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the purpose of carrying into effect that wild ambition, which, for the most part, they secretly deplore. And should any thing, be wanting to fill up this disgusting picture of national degradation, behold the mini. sters of religion, of such a religion as this ill-fated country is now per. mitted to possess, with all the mock pageantry of superstitious worship, accompanied with the fulsome adulation of a prostituted priesthood, idolizing their infidel and apostate chief; dedicating to his service the powers of that religion which he had formerly renounced ; and with the most signal profanation of holy things, holding forth to his faithless kiss that sacred emblem of our profession, which, in a former stage of his ambitious career, he had in a manner trampled under foot. Behold these things, my brethren, only with a transient eye, (and confident I am, this picture of partial misery and degradation has been much undera charged) and the contrast between your own condition and that here briefly placed before you, which must strike your minds, will teach you how to value those blessings, which, under the protection of an All. Gracious Providence, the inhabitants of this nation have long richly enjoyed."




Nature's misanthropic child !
'Tis within yon hermit cell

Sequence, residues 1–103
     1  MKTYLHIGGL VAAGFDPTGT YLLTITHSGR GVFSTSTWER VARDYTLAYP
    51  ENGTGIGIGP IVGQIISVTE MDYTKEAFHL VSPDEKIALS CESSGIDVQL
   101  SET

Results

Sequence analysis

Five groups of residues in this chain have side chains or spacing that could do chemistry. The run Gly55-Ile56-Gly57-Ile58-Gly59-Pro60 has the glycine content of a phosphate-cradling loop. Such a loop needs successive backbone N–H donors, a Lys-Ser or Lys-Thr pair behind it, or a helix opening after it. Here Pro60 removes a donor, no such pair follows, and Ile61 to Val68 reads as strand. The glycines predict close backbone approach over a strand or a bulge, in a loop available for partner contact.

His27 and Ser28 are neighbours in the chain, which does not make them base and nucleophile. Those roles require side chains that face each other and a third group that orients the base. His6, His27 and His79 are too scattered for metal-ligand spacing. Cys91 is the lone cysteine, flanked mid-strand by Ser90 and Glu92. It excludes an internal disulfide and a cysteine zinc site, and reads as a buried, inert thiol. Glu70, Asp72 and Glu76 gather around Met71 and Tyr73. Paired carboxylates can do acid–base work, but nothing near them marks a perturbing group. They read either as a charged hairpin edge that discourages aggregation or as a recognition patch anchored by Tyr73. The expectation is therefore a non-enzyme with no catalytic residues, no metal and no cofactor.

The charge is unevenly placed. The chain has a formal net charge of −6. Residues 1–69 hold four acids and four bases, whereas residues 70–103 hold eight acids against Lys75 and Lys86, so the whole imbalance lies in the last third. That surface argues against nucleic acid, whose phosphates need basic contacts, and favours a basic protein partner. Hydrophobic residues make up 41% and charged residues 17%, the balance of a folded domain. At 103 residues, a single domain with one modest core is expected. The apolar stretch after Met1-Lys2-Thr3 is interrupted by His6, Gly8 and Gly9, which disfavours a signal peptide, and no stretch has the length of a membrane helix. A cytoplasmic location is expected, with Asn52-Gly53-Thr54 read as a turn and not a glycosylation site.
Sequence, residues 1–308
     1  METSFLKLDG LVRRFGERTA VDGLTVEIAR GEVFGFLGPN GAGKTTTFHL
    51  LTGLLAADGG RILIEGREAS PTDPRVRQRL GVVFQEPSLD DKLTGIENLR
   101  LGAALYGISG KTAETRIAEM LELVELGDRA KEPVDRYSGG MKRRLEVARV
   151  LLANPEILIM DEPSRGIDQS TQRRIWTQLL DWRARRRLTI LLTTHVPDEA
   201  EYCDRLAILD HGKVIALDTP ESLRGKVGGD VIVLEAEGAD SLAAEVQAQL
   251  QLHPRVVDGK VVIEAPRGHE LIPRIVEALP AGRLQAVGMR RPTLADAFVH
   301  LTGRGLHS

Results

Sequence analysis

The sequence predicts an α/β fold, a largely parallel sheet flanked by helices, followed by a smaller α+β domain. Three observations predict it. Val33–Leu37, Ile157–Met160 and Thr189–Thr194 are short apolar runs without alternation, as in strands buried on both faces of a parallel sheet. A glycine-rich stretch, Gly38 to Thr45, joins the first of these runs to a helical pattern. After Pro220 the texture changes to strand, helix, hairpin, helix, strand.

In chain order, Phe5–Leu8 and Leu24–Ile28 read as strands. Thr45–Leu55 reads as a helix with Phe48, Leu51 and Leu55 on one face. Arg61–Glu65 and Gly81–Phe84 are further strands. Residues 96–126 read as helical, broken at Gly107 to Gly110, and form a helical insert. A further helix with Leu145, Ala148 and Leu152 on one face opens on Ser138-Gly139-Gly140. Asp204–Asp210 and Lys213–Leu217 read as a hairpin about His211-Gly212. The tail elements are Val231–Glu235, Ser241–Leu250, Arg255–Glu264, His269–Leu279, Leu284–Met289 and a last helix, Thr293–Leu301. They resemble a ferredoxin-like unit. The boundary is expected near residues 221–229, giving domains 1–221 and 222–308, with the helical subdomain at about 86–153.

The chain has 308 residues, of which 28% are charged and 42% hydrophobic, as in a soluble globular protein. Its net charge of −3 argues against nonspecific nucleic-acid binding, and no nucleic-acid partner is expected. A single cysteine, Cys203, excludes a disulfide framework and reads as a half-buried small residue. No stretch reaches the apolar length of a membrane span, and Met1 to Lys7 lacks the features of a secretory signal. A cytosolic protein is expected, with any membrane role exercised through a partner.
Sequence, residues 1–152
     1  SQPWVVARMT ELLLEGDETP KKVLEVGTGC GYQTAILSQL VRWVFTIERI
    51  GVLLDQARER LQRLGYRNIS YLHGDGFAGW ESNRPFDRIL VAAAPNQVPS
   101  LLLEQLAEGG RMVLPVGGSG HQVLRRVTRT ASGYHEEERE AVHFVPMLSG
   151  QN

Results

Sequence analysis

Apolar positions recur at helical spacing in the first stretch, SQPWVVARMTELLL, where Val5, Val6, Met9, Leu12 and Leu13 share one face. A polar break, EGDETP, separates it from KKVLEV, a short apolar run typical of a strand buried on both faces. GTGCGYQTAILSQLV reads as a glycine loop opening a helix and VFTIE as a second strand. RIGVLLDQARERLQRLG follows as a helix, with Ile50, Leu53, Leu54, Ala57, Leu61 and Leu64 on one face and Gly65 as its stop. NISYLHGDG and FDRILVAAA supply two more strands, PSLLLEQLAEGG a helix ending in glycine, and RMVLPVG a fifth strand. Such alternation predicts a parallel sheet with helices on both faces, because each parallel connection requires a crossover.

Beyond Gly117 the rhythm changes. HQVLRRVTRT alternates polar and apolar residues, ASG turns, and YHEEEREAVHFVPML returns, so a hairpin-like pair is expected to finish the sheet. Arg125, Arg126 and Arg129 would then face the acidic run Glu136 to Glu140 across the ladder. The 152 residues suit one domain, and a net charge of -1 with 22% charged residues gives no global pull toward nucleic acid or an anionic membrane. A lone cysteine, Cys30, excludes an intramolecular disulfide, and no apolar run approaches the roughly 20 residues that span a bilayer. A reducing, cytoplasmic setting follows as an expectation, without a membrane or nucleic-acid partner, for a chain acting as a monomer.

Solitude thou lov'st to dwell;
Or with fairy feet to dance
O'er the clifted heights expanse ;
Or in the lonesome vale to stray,
And trim the lamp of life away!
Hence noise and FOLLY idle brood,
Fly, Aly, the haunts of SOLITUDE.
Shrouded in the dumb retreat,
Muffled SILENCE takes her seat,
And MELANCHOLY droops her head,
And sighs and weeps till Hope is filed;
While pious SUPPLICATION stands,
With asking eye and lifted hands,
And Mem'ry grasps in chequer'd ray
The fleeting forms of yesterday!
WEALTH in purple vest array'd,
And Modesty that courts the shade ;
Truth disdaining puff d pretence,
Meek unconscious. INNOCENCE ;
Fairest where all forms are fair ;
And sweet Content that's blest to roam
Never from her native home;
SOLITUDE! thy charms supply
And tune the soul to HARMONY!

For thee when PHOSPHOR's purple beam
Plays upon the chrystal stream;


When the ZEPHYR's silky sway
Chills the fervid heat of day :
When wrapt in Evening's gloomy damp
The little glow-worm lights her lamp,
Or TWILIGHT's herald, hird of care,
Flits beneath the lucid air,
And sickly tapers shed their light,
Along the misty veil of NIGHT,
Solitude! for thee I sigh
For thou * art best society!
With thee from R10t's revel reign
From Pleasure's pantomimic train,
From GLORY's prostituted palm,
I seek thy philosophic calmi
Whether to track Caucasian snow
Or in the torrid Tropic glow,
To mark the circling Ocean's bound,
Or trace a streamlet by its sound.
0! might the hours of musing stay!
Or fly, as they have fled to day :
Now LEARNING's sacred heaps I'd tread
In converse with the mighty dead;
Now'rove the silent walls among,
Where torrents t ftow'd from Tully's tongue ;
Or tow'rd Vesuvius' summit turn
To drop a tear on Pliny's urn;
And as the tell-tale moments fly,

* For Solitude is best socicty. Par. Lost.
+ Torrenti eloquio. JUVENAL.


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"HE Anniversary Sermon of the Royal Humane Society, preached on eester.